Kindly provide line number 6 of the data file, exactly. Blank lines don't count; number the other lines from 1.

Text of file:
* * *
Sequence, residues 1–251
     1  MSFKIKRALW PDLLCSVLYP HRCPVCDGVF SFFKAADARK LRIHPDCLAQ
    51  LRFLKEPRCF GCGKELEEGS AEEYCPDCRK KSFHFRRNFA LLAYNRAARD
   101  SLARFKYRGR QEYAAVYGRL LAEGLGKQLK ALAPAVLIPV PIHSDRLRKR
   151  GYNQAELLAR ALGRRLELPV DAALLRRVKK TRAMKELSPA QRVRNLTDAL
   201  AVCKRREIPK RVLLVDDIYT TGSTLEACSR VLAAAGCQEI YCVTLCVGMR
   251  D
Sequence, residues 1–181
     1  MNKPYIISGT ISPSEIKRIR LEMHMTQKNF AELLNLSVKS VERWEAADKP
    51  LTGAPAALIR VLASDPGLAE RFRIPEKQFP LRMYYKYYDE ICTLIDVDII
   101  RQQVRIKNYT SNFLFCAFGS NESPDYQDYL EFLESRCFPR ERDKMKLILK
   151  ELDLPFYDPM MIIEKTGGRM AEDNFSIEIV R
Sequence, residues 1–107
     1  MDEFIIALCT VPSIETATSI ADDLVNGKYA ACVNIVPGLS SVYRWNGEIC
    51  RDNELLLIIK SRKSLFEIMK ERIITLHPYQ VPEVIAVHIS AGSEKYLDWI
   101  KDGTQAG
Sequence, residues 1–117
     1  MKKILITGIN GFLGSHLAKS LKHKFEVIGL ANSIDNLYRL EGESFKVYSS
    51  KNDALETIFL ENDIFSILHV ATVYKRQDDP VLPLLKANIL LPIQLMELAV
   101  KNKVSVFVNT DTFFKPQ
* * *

   201  AVCKRREIPK RVLLVDDIYT TGSTLEACSR VLAAAGCQEI YCVTLCVGMR